| 26 May 2024, Sunday |

Yellen, at former slave port, sees path of renewal for Africa and U.S.

Despite referring to the “unspeakable cruelty” and long-lasting effects of the transatlantic slave trade, U.S. Treasury Secretary Janet Yellen said on Saturday that she was encouraged by evidence of development and rebirth in both America and Africa.

Yellen began her three-nation trip to Africa by visiting the House of Slaves, a fort built in the late 18th century on Goree Island off the coast of Senegal as a transit station for people before they were forcedly transported across the Atlantic.

“I take from this place the importance of redoubling our commitment to fight for our shared principles and the values of freedom and human rights where ever they are threatened – in Africa, in the United States and around the world,” she wrote in the visitor’s log.

The site, now a museum and UNESCO World Heritage site, often draws high-level American visitors, including former President Barack Obama, the first U.S. president of African ancestry, who visited with his family in 2013.

South African President Cyril Ramaphosa called the island “a place of reconciliation and hope” when he visited in December 2021, noting in the log that it was the place where the talks to end apartheid in his own country began.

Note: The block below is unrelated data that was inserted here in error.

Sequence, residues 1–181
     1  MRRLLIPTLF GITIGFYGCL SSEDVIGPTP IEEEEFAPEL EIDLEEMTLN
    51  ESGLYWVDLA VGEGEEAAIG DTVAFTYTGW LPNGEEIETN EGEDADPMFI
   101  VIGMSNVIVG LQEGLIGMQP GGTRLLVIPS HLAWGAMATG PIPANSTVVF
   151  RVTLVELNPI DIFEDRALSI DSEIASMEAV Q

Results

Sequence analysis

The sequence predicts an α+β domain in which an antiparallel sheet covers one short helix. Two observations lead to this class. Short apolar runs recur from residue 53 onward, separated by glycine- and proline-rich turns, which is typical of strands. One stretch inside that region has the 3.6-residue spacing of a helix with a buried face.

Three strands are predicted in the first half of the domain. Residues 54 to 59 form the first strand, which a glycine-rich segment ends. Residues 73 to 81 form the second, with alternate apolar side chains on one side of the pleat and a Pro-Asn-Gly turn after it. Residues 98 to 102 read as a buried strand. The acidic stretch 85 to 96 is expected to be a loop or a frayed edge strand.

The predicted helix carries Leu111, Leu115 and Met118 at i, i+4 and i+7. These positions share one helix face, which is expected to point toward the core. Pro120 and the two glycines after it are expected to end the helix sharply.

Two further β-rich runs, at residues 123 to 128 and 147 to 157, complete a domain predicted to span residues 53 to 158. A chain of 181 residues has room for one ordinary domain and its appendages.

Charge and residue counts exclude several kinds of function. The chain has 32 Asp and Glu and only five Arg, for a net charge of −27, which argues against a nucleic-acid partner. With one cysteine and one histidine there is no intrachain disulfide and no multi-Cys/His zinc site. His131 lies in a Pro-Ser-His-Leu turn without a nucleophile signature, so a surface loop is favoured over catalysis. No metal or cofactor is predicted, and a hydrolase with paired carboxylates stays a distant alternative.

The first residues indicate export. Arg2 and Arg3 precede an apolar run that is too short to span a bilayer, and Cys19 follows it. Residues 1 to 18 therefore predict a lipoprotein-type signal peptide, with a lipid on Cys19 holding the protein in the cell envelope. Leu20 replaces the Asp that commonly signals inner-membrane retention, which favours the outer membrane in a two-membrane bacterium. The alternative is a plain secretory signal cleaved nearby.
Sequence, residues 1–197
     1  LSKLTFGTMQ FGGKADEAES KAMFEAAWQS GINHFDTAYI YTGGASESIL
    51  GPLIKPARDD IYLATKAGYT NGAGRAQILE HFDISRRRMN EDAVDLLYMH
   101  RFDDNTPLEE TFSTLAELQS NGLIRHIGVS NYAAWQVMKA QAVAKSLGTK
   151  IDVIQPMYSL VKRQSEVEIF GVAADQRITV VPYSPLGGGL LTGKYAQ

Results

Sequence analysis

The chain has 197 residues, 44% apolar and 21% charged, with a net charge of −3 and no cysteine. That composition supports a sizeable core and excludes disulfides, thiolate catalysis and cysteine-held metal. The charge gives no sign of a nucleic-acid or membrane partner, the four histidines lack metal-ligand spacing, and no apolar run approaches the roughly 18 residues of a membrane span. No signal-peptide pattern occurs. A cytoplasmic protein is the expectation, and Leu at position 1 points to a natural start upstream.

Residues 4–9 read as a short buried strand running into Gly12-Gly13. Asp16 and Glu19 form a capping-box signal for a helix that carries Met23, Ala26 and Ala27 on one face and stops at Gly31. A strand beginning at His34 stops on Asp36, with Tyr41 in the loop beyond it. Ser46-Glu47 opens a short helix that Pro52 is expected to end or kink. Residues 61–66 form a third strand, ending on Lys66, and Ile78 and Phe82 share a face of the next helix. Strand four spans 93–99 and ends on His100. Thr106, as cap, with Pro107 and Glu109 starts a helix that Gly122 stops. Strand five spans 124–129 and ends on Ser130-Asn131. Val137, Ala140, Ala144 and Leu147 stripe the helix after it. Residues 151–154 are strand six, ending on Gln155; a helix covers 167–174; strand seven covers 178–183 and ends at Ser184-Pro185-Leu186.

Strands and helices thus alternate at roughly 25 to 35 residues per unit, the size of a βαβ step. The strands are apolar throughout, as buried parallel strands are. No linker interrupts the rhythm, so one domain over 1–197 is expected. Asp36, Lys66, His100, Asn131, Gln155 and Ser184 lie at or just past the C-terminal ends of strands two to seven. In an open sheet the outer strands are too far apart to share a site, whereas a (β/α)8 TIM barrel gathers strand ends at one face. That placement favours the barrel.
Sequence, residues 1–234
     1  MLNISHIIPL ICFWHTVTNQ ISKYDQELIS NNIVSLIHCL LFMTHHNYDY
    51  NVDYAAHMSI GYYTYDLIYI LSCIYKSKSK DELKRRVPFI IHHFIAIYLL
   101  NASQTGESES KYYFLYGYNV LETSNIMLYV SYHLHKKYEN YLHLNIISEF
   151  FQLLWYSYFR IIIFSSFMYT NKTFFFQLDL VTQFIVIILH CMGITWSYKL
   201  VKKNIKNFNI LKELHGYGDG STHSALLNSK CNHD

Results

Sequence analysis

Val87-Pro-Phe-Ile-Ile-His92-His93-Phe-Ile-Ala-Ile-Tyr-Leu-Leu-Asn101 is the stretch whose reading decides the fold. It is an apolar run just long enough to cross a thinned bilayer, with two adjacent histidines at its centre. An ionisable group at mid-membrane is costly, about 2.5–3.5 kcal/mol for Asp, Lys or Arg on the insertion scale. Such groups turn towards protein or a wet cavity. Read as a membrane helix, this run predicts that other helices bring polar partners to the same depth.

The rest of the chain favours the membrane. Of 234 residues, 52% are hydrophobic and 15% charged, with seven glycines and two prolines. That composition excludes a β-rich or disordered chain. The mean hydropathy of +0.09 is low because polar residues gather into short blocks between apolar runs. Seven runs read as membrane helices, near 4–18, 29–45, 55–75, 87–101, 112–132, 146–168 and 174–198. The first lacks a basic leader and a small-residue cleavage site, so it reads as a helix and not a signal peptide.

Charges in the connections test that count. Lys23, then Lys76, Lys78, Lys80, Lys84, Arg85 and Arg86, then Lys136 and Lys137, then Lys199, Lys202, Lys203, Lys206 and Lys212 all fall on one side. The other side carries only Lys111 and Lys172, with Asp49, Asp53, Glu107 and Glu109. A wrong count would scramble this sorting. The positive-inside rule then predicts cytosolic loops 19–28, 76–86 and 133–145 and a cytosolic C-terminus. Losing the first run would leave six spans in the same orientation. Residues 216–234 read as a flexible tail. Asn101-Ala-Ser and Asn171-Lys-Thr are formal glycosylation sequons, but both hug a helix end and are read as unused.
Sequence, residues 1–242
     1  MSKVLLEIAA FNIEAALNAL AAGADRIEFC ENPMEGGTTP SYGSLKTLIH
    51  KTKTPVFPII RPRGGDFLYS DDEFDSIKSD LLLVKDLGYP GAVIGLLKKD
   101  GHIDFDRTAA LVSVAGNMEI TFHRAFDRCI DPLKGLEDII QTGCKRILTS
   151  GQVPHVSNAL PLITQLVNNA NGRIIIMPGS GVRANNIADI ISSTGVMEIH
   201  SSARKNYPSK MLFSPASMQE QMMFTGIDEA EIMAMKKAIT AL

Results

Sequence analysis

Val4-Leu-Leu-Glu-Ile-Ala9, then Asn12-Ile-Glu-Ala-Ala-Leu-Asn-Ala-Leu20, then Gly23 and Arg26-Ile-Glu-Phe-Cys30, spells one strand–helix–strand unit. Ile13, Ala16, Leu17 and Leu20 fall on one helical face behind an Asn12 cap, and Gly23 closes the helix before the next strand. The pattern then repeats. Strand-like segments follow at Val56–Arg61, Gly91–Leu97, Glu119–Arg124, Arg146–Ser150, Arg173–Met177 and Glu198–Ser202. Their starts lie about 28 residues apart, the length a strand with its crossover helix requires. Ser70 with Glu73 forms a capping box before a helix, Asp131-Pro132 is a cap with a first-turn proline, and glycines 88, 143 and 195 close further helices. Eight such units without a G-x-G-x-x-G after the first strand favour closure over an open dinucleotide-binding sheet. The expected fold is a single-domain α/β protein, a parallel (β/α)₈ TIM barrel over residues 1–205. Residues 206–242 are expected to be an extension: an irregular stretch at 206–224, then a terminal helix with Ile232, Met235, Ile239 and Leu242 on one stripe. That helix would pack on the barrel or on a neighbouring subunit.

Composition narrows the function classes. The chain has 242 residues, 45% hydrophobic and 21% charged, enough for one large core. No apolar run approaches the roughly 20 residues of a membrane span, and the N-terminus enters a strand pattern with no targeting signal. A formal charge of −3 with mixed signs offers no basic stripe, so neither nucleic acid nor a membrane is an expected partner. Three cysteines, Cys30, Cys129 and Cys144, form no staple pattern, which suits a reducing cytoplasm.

Yellen, at times visibly moved, underscored the enduring ties that bind Africa and the United States.

“Ultimately, Gorée Island reminds us that the histories of Africa and America are intimately connected. We know that the tragedy did not stop with the generation of humans taken from here,” she said.

Goree’s mayor Augustin Senghor presented Yellen with a certificate appointing her as a lifetime ambassador of the island’s history.

The former Federal Reserve chair, whose work in economics has focused on ending historic disparities that have plagued Black Americans long after slavery was abolished in 1865, said both Africa and the United States had made tremendous strides, but more work was needed to counter the brutal consequences of the slave trade.

The U.S. Treasury has established a task force on racial equity under Yellen, which has angered Republicans, and the department has made significant efforts to improve the economic circumstances of communities of color.

According to Yellen, who cited the significant contributions made by African American men and women to the U.S. economy and democracy, it was crucial to share the tale of those who had been held captive, which “although full of misery, is also full of perseverance and optimism.”

She noted what she called “evidence of active life around Gorée – a prominent art scene, a center of education, and people who call this town home,” saying “With recollection, I hope, can come growth and rejuvenation.”

  • Reuters